I’ve finally found some time to really work on getting everything set up again so I can write more music (and, in fact, I’ve got a guitar on the way as a birthday present from my wife!). This past month, I’ve worked really hard to do something I’ve meant to do for a long time: release an album.

Now, my music has always been freely available, it’s a part of the demoscene culture, not to mention my open-source roots, working with OpenNMS, Fink, and tons of other stuff. One thing that’s very hard to do, however, when writing tracked music, is get that “finished” sound.

I’ve spent the last month going through my catalog, dumping everything to Garage Band and ProTools, and re-mixing, remastering, and all-around cleaning up my tracks.

Without further ado, I announce my first single, Pointillize, available immediately on Amazon MP3 download, and soon on iTunes, Rhapsody, and other music download services.

On May . . . → Read More: And Now For Something Completely Different — Raccoon Fink Music

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Rock Band Downloadable Content (DLC)

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So this is a bit off-topic, but I am addicted to Rock Band. One of the things that makes it so great is the huge amount of downloadable content available to expand the game with new songs, and stuff comes out weekly.

However, it’s hard to tell what a song is, just from the title sometimes. Turns out you may know it but not realize you know it. I wanted to be able to hear the song before deciding whether it was worth downloading. I suspected that there were plenty of other folks who had a similar itch which needed scratching. So, I did something about it. =)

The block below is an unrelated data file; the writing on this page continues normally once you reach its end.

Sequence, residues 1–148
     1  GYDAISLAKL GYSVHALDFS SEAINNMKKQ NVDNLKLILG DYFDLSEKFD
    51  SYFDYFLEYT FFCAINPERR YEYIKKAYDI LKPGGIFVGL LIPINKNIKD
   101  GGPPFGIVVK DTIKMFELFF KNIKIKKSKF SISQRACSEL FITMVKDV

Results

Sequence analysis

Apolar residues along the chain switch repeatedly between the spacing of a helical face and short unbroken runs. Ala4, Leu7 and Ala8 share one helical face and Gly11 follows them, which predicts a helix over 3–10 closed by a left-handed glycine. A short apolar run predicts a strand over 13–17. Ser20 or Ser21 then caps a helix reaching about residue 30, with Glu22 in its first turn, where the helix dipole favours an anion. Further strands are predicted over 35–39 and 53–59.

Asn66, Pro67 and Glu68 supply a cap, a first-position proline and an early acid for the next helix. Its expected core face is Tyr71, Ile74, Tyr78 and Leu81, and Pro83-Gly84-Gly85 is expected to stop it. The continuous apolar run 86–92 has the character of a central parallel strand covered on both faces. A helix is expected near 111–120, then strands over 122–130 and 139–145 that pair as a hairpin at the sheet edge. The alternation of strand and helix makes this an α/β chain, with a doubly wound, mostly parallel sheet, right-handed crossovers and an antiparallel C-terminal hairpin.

I’ve been looking for an excuse to do something “real” with rails, and this was it. In just a week of spare time, I’ve thrown together this:

It’s not yet very pretty, but it does the job, you can preview the original artist tracks for each of the songs available through XBox Marketplace and the PS3 Online Store.

If you notice any issues, please let me know.

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Nine Inch Nails Garageband Music

This is outside of the usual scope of my posts, but too cool not to talk about. Trent Reznor released a garageband version of The Hand That Feeds (a single from his new CD) for remixing purposes. Whoohoo! (Bump) He’s now released Only in a number of formats, including GarageBand and ACID.

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Cheesetracker 0.9.9

I’ve got a new CheeseTracker binary built for Mac OS X, using Qt/Mac 3.3. It’s looking pretty good, although sometimes it freezes on logout, seems to be some kind of thread-locking issues in CoreAudio. If you want to give it a try, you can grab it here. I’ve registered with VersionTracker so I can put it up there as well. Whoo!

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There is now a stable release of JACK for Mac OS X. JACK is an audio system and low-latency audio server that was initially developed on Linux, and aims to be portable, well, everywhere. Previously, there was an OSX port of JACK using PortAudio, but it was incomplete and you lose a lot of the low-latency advantages of JACK by going through an intermediary. This is excellent news! A lot of very nice Linux audio apps used only JACK because it’s basically the only pro-quality audio implementation there.